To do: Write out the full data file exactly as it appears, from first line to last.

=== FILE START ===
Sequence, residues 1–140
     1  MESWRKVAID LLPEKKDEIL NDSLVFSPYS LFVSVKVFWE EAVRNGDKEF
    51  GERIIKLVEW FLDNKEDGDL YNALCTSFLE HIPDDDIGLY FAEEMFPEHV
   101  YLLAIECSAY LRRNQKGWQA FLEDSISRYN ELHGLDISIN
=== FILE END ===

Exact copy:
Sequence, residues 1–140
     1  MESWRKVAID LLPEKKDEIL NDSLVFSPYS LFVSVKVFWE EAVRNGDKEF
    51  GERIIKLVEW FLDNKEDGDL YNALCTSFLE HIPDDDIGLY FAEEMFPEHV
   101  YLLAIECSAY LRRNQKGWQA FLEDSISRYN ELHGLDISIN